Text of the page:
I write a monthly column for Spiritz magazine in India, which is the most widely read alcohol-related magazine in the country. My column is called Booze Abroad and the March issue contained a story on how the broadcast advertising (voluntary) ban for spirits was ended in the US.
While TV advertising for spirits has become widespread, it came about through the leadership of Seagram, but not without some ups and downs along the way.
The article is available on this blog with the permission of Bishan Kumar the publisher of Spiritz. To read it, simply click on the words, “Spirits Ads on TV” at the top of the column on the right.
Brooklyn is known for many things – churches, the original home of the Dodgers, peculiar accents and pronunciations, the 3rd largest city in the country (if it were a city) and my “hometown.”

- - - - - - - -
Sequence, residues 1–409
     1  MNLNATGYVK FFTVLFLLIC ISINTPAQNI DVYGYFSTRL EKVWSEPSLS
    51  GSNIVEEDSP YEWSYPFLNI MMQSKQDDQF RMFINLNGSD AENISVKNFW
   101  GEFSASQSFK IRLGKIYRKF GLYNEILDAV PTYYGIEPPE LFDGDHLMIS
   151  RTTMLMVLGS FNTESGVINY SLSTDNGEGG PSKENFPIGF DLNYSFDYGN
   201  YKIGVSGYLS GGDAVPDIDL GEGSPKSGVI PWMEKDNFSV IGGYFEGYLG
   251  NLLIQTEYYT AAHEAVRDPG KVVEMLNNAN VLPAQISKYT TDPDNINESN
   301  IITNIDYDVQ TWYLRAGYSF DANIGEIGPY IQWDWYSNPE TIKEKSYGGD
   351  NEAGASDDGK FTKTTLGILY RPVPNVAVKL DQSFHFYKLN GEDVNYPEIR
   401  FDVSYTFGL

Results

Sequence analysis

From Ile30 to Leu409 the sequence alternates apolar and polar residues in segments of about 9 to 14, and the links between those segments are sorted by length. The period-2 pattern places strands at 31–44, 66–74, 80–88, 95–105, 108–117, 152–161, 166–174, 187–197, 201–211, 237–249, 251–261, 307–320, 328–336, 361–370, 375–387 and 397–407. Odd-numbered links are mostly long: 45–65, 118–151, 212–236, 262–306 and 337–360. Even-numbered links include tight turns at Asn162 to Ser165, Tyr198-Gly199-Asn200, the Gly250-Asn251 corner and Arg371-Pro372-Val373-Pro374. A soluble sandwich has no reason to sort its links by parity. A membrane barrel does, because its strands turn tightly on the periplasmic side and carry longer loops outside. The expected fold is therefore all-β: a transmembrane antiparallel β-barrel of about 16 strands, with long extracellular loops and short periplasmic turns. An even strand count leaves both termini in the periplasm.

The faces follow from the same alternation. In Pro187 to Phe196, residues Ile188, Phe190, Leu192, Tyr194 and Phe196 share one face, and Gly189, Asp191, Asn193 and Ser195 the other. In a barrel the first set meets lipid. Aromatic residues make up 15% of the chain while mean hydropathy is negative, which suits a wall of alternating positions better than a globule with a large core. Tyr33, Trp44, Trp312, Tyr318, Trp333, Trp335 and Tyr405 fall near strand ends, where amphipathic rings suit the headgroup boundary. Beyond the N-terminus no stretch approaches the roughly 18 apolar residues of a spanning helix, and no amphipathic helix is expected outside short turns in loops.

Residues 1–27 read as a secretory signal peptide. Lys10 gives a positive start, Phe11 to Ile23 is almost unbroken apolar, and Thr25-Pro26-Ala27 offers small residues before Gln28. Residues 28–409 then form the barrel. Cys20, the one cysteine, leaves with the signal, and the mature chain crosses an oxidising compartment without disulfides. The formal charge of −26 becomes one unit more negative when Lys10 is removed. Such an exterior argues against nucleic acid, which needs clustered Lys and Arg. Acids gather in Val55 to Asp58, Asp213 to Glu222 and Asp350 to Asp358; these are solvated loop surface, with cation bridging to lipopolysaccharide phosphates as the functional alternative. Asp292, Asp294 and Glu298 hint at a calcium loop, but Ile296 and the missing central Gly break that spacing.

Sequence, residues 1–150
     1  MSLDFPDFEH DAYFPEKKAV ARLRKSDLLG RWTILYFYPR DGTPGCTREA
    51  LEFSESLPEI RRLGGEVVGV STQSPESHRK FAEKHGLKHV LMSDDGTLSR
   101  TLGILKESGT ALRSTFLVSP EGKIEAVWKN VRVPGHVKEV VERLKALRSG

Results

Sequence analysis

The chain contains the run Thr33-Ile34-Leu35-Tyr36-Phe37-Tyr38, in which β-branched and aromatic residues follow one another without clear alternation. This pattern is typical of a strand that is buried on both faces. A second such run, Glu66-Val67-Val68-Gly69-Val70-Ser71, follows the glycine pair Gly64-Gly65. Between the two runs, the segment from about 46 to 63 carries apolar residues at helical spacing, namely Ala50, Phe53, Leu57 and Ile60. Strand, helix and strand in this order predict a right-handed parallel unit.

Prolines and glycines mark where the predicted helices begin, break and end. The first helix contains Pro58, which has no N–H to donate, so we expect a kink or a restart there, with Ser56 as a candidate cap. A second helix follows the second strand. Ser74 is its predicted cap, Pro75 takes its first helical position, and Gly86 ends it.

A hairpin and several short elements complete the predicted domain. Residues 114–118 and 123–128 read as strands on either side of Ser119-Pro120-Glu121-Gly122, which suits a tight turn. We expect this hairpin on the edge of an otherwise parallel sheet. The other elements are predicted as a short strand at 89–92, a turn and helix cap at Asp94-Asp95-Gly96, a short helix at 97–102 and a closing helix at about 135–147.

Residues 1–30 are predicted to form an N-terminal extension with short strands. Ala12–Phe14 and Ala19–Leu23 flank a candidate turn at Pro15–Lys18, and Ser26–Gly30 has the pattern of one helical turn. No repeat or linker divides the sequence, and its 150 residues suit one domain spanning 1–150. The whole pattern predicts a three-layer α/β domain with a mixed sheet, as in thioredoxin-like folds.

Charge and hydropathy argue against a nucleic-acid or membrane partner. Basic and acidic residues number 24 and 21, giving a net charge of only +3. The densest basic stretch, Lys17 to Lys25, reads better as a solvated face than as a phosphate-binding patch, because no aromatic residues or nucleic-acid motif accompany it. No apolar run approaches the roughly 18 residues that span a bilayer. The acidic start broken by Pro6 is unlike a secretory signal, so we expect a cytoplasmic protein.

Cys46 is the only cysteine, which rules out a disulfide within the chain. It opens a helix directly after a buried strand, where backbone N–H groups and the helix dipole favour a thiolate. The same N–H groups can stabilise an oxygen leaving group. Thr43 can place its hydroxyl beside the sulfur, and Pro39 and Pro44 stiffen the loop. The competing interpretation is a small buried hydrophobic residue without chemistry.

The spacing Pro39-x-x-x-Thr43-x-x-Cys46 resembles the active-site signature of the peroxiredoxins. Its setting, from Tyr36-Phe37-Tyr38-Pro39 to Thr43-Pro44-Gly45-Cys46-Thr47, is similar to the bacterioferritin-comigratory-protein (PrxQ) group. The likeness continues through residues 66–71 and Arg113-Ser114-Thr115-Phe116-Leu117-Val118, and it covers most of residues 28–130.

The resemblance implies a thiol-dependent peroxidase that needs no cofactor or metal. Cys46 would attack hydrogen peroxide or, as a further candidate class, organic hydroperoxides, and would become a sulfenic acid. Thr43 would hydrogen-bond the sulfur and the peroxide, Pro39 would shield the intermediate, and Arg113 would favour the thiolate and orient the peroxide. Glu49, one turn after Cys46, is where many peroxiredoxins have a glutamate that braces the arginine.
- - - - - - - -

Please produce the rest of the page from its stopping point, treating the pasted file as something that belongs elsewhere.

It also has an interesting history in the alcohol industry particularly in
A previous posting mentioned Kings County Distillery, which claims to be New York City’s oldest operating whiskey distillery, the first since before prohibition. They produce handcrafted bourbon and moonshine and I intend to visit their operation and report back.
In doing my research about them, other distillers and the history of Brooklyn in the booze business, I came across some interesting information.
Like many companies in the food, beverage and hospitality industry, Seagram cocktail receptions and meals were somewhere between elaborate and over the top. A long list of third world countries could feed their people from the leftovers of a cocktail reception.
A good friend and former colleague had a wonderful way of putting it, “At Seagram, you didn’t become a millionaire but you sure lived like one.” Or, at least, ate like one.
Two stories come to mind.